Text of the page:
a rainy weekend for dear sonny

Sir Sonny passed away half an hour ago, said a message from my favorite professor.  It was Thursday, at 9:34 in the evening.

I was in the office working my ass off when I received the news.  I was even planning to work in the coming weekend.  Scratch that!  I was definitely taking the five-hour bus trip on Saturday morning to see my mentor for the last time.

He was always clear about his funeral:  No eulogies.  Why waste beautiful words about someone who can no longer hear them?  He did not want it.  And to be frank, he did not need it.  Whatever praise he deserved, he must have heard already.  Whatever he did not hear, he must have felt.  He was a humble person, but he knew his value.

As for those who expected to deliver a long-winded speech about how great a man Sonny was, well, their sentiments would be better expressed intimately.  Without microphone.  To a small group of friends and relatives attending the wake.  While looking them in the eye and being sincere in every word.

And this may sound cliché, but we really should say things when one is still alive.

No music band.  Funeral is a solemn affair, not a spectacle.  Personally, I could have played a bamboo flute and performed a heartbreaking song about loss.  And God’s eternal grace.  But I doubt I would be thinking about him so much as about myself – about how well I played the damn instrument and made the audience cry.  No.  I came to pay my last respects, not to be a show-off.  I’m glad music was not allowed.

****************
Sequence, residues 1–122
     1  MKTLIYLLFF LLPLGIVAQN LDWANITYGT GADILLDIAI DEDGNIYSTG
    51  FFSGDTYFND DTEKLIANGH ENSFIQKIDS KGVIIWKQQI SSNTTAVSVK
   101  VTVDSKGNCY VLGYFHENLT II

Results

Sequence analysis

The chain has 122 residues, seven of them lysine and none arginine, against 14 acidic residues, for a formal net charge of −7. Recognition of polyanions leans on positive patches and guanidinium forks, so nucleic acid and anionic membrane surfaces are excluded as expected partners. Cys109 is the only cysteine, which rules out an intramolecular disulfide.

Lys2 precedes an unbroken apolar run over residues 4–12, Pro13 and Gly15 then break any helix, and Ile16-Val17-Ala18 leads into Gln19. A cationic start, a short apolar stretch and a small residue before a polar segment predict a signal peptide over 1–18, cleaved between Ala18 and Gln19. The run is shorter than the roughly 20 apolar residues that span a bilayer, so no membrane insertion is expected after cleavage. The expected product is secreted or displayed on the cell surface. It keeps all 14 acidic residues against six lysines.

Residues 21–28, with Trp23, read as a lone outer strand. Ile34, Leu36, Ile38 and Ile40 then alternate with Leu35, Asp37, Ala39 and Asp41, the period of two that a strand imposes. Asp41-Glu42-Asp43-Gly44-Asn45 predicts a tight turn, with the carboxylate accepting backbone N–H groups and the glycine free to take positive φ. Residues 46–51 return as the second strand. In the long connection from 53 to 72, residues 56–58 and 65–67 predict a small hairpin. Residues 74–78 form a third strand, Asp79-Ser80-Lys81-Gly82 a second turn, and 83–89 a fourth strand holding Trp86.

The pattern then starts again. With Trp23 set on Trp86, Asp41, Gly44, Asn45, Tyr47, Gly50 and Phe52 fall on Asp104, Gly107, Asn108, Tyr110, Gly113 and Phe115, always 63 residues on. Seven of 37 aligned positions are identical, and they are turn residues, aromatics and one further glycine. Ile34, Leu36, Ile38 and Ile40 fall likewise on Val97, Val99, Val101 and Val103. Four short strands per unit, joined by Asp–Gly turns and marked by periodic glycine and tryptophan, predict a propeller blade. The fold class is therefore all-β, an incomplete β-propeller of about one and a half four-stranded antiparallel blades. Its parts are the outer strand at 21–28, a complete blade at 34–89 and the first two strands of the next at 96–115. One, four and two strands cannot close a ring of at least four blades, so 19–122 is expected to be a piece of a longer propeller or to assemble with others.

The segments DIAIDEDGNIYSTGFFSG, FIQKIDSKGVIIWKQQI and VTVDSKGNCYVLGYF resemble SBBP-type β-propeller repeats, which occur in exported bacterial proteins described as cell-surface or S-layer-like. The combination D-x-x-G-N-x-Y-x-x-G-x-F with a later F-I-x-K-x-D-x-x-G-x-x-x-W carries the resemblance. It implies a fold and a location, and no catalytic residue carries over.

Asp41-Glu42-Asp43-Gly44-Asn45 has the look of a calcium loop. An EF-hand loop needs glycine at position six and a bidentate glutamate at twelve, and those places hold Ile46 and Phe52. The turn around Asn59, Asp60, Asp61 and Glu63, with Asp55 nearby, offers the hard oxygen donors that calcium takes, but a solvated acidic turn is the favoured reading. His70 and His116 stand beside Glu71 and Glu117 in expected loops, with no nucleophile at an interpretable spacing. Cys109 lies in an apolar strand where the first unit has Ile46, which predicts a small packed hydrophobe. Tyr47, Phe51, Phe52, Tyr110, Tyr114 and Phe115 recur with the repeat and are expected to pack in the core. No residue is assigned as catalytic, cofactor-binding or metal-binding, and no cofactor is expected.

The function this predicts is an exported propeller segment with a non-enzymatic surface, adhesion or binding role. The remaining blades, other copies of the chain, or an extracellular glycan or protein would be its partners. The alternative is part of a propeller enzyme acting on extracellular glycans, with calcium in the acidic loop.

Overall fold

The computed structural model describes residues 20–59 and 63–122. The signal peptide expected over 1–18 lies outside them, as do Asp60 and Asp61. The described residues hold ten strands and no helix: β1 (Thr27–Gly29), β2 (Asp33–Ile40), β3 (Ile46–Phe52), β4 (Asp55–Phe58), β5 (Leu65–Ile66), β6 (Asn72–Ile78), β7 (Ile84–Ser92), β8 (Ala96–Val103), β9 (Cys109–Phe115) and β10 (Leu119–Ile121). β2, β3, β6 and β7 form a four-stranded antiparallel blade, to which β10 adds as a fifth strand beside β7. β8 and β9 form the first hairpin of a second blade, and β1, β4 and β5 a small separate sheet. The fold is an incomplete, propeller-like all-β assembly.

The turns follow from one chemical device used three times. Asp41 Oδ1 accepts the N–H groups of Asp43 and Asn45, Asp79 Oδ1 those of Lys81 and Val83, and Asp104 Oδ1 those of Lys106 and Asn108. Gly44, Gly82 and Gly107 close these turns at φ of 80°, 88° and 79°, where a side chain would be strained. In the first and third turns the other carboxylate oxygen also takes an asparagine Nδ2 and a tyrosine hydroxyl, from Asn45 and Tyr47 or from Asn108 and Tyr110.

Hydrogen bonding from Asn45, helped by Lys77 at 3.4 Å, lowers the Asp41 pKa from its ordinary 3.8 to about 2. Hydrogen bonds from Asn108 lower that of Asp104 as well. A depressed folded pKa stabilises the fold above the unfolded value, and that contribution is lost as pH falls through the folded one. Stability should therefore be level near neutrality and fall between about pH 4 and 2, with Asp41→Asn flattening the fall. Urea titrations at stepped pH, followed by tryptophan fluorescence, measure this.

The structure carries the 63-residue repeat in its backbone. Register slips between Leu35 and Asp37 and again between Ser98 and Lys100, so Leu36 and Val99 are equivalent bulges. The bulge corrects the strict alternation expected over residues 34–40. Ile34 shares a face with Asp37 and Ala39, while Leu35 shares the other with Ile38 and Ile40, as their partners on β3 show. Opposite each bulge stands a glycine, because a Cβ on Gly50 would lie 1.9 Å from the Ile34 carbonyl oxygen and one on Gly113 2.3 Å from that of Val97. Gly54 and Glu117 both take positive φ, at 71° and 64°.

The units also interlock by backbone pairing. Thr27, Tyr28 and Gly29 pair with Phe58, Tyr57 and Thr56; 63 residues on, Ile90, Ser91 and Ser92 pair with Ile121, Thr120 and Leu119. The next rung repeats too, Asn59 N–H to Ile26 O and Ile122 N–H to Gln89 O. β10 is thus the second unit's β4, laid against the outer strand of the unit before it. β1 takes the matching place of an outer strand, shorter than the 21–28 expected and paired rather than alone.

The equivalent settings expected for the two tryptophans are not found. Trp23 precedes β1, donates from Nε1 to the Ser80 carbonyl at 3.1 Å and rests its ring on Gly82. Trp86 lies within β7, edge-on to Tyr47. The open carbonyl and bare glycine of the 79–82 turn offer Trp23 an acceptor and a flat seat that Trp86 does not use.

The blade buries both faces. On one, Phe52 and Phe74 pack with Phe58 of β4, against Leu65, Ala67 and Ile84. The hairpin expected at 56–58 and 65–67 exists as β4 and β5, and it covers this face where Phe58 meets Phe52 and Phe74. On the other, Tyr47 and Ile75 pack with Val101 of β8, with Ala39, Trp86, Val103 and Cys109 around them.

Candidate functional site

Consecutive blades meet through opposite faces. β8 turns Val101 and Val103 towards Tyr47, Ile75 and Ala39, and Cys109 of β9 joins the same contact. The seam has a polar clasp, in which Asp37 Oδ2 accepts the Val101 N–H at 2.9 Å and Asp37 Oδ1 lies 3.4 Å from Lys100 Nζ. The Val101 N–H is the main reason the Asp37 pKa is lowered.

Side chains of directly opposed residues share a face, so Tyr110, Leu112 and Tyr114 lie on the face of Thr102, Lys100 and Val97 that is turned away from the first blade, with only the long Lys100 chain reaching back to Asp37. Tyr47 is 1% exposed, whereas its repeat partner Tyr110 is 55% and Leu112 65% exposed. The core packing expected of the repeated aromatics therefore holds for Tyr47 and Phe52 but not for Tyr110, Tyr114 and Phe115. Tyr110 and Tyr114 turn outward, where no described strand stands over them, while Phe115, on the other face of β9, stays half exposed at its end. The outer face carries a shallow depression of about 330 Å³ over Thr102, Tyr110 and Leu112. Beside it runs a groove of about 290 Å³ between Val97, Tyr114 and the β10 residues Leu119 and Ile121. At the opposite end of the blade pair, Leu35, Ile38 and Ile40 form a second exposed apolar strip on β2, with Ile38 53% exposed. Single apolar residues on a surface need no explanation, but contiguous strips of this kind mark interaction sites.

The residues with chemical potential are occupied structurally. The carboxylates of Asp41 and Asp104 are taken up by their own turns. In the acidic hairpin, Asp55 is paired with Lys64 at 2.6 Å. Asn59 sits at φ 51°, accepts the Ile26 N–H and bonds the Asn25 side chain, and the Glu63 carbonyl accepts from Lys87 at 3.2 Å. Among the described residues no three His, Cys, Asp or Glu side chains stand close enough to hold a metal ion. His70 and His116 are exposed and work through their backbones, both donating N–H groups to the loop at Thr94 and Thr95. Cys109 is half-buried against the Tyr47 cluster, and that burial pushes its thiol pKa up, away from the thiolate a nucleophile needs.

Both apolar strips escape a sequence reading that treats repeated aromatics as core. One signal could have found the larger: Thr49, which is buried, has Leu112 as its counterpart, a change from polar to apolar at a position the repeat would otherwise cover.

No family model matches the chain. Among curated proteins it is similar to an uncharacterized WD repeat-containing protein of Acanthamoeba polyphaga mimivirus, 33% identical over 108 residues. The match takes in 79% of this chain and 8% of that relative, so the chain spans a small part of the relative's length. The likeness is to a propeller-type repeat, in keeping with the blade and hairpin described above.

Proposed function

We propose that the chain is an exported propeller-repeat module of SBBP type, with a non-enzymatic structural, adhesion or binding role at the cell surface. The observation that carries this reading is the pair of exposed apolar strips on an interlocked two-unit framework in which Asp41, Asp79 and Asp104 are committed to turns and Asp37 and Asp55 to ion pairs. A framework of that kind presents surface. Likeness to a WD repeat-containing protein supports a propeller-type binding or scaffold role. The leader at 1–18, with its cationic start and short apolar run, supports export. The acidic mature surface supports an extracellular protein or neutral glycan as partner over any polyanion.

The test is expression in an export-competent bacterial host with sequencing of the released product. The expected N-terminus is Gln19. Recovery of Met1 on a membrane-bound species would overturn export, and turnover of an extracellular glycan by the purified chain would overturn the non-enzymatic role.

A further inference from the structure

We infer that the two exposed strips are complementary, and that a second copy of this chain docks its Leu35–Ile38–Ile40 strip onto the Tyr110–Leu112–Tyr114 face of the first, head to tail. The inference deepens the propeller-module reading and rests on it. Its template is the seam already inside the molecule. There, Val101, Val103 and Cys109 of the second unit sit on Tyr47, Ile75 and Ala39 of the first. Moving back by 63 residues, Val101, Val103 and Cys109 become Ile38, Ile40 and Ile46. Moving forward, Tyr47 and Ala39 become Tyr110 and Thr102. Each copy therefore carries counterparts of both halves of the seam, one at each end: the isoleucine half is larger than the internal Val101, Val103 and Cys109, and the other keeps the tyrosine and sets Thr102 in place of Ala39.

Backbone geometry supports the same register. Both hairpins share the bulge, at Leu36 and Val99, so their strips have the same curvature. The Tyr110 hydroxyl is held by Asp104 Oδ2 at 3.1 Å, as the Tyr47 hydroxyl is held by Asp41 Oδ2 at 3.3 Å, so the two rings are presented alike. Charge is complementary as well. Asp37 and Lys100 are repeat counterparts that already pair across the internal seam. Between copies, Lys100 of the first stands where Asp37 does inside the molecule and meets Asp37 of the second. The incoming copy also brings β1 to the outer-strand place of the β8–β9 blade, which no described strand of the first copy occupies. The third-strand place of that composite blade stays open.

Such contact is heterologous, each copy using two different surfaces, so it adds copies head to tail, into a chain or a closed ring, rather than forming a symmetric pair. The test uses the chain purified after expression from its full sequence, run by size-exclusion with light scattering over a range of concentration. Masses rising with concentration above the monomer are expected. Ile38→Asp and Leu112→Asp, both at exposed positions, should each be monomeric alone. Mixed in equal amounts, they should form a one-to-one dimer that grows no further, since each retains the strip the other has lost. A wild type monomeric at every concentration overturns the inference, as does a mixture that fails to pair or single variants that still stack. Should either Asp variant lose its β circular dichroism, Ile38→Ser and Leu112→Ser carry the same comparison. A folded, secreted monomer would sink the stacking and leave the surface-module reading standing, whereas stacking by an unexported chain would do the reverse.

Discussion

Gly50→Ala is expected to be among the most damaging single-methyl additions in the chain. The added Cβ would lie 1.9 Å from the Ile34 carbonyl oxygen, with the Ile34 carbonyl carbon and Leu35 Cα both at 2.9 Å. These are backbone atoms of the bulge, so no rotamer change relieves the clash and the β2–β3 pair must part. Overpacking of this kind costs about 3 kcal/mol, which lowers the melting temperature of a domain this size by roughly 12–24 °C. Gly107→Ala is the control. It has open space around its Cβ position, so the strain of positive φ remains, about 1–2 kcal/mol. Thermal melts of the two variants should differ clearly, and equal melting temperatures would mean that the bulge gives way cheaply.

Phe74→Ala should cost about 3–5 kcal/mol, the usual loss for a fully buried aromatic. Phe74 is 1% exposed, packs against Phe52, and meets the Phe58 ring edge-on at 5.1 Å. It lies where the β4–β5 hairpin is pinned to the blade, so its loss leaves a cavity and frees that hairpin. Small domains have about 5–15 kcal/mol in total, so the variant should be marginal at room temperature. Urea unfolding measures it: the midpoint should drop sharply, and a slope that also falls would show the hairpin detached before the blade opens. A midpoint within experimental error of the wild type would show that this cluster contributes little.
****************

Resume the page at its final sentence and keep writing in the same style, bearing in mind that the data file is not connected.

And of course, no gambling and drinkingWhich is a bummer, actually, given our provincial predilection for lambanog and a deck of cards.

When I arrived at the funeral, the college secretary showed me a stack of pictures from Sir Sonny’s drawer.  Among them was a shot of my graduation.  Which also marked the day I stopped living with them.  Since then, I’ve only visited him a few times.  Too few, I realized.

I feel like I owe him a eulogy.  A good one.  Even if it’s against his will.  But then again, he just wanted me to learn the value of education and hardwork.

I think I did, Sir.  Rest in peace.

*Uhm, I hope this doesn’t count as eulogy…  Oh, it does?  Please don’t tell him I wrote one.

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